A three-month breach of card transactions at New York's Eataly restaurant/grocery store, and reports about two new malware strains, highlight why more attention needs to be paid to POS system security.
The consolidated class-action lawsuit filed by banking institutions against Home Depot is more evidence of how issuers are no longer relying solely on card brands to be compensated for breach losses and expenses.
A new breach reported by Heartland Payment Systems won't get much attention. But this incident could be more damaging to the undisclosed number of consumers affected than was Heartland's 2008 payment card breach.
Sally Beauty Supply says that a four-week investigation shows that the retailer suffered a six-week point-of-sale malware attack at U.S. stores, compromising card data for an unknown number of customers.
Five best practices noted in version 3.0 of the PCI Data Security Standard will become requirements after June 30, with remote access and third-party risks the key focus - particularly for smaller merchants.
It's no surprise that virus-wielding hackers are exploiting Internet of Things devices. Blame too many device manufacturers rushing products to market, skimping on secure development practices and failing to audit the third-party code they use.
This year's Infosecurity Europe conference in London is offering a top-notch range of sessions, ranging from how to battle cybercrime and social engineering to building a better security culture and workforce. Here's my list of must-see sessions.
MasterCard's breach settlement with Target has been derailed after not enough card issuers agreed to the terms. Now MasterCard is expected to attempt to renegotiate, while banks continue with a class-action lawsuit against the retailer.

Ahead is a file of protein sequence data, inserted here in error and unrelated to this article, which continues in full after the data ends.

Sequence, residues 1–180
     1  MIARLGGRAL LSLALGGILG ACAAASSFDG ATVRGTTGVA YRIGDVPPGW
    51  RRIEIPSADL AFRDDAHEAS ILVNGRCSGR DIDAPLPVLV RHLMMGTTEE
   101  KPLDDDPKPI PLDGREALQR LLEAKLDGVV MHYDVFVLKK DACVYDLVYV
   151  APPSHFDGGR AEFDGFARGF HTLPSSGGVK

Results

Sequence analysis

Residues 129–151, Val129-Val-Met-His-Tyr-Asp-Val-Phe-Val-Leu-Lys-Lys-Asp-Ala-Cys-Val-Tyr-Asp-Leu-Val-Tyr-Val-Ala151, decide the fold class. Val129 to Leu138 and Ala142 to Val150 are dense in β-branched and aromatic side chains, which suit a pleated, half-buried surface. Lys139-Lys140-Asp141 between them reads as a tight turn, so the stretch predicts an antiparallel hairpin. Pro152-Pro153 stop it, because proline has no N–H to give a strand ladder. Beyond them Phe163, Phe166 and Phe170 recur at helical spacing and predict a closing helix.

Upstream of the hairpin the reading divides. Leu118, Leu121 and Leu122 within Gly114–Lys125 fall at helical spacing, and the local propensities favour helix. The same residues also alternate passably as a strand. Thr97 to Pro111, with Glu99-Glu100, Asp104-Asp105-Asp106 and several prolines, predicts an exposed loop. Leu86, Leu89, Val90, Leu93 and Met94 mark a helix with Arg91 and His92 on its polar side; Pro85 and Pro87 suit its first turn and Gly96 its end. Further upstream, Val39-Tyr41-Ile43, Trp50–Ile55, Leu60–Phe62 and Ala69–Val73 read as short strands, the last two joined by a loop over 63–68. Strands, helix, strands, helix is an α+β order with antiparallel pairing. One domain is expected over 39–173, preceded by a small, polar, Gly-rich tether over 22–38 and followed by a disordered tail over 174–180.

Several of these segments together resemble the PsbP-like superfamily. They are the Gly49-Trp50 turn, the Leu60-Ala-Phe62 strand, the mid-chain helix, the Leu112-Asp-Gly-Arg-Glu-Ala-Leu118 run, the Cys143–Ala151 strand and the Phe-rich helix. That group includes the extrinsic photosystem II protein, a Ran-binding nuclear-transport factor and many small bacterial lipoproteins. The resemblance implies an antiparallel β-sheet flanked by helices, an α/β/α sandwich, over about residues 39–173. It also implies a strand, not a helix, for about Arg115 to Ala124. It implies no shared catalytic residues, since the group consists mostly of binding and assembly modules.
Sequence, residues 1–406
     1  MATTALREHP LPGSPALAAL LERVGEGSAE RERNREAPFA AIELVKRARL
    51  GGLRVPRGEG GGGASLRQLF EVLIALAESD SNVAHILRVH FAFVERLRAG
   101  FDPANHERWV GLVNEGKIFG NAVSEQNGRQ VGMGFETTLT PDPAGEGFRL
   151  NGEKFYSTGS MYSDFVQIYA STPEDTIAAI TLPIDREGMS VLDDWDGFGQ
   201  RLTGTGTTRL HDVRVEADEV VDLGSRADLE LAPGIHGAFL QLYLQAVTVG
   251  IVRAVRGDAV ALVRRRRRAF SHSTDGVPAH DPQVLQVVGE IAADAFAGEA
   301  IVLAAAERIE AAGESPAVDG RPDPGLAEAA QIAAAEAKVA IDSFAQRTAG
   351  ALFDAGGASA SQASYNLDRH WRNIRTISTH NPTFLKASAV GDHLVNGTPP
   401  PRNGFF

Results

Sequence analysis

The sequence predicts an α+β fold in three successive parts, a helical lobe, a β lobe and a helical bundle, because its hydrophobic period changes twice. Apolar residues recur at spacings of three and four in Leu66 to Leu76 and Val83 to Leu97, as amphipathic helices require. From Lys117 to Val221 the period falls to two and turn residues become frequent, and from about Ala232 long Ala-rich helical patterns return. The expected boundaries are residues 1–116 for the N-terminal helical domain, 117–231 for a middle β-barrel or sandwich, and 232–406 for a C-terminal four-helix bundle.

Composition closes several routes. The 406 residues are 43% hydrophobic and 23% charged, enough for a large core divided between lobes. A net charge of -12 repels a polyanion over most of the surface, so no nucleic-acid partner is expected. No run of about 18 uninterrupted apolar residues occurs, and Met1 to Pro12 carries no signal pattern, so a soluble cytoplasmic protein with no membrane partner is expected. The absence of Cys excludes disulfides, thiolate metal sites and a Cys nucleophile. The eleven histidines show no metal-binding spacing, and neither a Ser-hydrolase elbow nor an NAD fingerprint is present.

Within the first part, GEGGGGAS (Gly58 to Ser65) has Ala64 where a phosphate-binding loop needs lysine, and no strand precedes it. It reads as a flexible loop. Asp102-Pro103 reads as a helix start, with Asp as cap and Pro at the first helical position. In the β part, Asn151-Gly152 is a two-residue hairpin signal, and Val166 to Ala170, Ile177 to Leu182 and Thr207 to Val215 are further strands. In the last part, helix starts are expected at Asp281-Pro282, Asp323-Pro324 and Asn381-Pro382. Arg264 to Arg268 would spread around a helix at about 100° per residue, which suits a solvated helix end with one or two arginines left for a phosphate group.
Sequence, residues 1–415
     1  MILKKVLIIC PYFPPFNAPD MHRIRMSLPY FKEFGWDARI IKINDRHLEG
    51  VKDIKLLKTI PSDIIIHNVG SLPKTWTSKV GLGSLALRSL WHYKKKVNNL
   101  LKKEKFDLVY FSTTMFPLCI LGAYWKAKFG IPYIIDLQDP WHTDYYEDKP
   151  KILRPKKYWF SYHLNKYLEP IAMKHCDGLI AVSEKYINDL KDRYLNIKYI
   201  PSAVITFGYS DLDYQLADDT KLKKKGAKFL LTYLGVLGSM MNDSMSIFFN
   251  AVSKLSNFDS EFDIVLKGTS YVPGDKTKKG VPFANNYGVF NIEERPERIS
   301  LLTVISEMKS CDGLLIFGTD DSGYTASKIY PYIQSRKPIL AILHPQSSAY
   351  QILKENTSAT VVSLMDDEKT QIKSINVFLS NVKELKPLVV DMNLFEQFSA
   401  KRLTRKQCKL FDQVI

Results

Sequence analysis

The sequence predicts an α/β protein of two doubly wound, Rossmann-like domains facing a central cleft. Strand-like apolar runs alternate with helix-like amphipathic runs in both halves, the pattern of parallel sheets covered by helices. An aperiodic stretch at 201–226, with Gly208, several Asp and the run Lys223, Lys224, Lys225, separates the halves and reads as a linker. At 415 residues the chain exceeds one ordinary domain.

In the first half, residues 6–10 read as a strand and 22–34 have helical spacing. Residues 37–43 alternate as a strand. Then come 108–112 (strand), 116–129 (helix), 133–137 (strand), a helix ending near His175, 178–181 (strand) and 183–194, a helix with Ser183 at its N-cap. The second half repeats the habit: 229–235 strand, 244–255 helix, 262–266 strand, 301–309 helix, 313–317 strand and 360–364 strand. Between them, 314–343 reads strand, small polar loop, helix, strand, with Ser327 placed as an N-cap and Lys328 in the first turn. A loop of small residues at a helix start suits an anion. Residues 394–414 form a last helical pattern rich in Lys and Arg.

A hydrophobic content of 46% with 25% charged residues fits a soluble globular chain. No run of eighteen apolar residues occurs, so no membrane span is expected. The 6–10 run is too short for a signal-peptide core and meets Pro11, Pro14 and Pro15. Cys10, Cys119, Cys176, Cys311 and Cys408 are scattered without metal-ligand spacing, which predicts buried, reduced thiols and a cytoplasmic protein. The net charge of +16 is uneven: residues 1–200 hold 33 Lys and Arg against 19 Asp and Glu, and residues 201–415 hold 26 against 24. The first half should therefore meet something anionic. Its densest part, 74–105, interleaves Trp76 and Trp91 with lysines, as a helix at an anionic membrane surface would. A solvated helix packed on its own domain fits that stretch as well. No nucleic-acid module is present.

Visa has agreed to increase the reimbursement paid to banking institutions that must reissue cards in the wake of a merchant breach. Now the smaller card issuers, such as community banks, are getting paid the most.
After recently announcing an investigation, Sally Beauty Supply now confirms that it has "sufficient evidence to confirm that an illegal intrusion into our payment system has indeed occurred." The retailer reported a similar breach in March 2014.
A judge's decision to allow MasterCard's settlement with Target to stand isn't likely to be appealed and could discourage banking institutions, some experts say, from continuing to pursue a breach-related class-action lawsuit they filed against the retailer.
It's unlikely that the same hackers that hit Sally Beauty in 2014 struck the company a second time this year, several threat intelligence experts say. Find out the latest theories about what may have led to the apparent second breach of the retailer.